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Epidemiologic Notes and Reports Update: Evidence of Filovirus Infection in an Animal Caretaker in a Research/Service Facility

Evidence of filovirus infection in workers in quarantine facilities for imported primates has prompted new guidelines for safe handling of monkeys and the requirement for a special permit to import cynomolgus, African green, and rhesus monkeys into the United States (1,2). This evidence of infection has also prompted studies of other workers exposed to monkeys in various types of facilities.

Filovirus serologic testing was done on 55 CDC employees with current or previous occupational exposure to monkeys. One of these employees, an animal caretaker who had previously handled cynomolgus monkeys but has had no contact with any monkeys since December 1988, was seropositive (filovirus antibody titer greater than or equal to 16 by indirect immunofluorescent antibody and confirmed by Western blot). Serosurveys of other groups of persons exposed to monkeys are in progress. Reported by: RK Sikes, DVM, State Epidemiologist, Georgia Dept of Human Resources. Div of Viral and Rickettsial Diseases, Scientific Resources Program, Center for Infectious Diseases, CDC.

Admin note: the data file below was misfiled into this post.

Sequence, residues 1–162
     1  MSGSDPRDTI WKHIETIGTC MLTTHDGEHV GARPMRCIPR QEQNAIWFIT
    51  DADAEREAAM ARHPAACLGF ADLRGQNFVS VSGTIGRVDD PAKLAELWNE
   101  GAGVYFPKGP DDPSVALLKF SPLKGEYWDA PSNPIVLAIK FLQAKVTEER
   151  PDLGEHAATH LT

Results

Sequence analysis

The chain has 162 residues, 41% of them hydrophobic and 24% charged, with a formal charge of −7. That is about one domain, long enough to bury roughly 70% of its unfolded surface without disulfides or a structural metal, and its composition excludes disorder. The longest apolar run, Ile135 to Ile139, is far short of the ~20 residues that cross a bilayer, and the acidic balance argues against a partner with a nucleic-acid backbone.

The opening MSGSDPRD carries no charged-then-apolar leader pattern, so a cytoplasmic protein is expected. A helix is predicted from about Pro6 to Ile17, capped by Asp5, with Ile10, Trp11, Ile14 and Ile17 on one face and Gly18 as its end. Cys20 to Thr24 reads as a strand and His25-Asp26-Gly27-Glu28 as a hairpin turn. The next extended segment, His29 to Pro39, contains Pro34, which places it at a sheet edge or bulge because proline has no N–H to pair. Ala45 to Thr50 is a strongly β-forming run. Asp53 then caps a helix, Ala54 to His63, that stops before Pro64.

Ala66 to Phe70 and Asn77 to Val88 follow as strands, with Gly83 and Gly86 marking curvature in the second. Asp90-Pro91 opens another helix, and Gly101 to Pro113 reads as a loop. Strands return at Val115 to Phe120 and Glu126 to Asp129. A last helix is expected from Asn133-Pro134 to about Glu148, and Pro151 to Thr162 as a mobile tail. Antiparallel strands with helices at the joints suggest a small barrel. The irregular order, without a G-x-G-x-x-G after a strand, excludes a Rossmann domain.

1. CDC. Update: Ebola-related filovirus infection in nonhuman primates and interim guidelines for handling nonhuman primates during transit and quarantine. MMWR 1990;39:22-4,29-30.

  2. CDC. Requirement for a special permit to import cynomolgus, African green, or rhesus monkeys into the United States. Federal Register 1990;55:15210-1.

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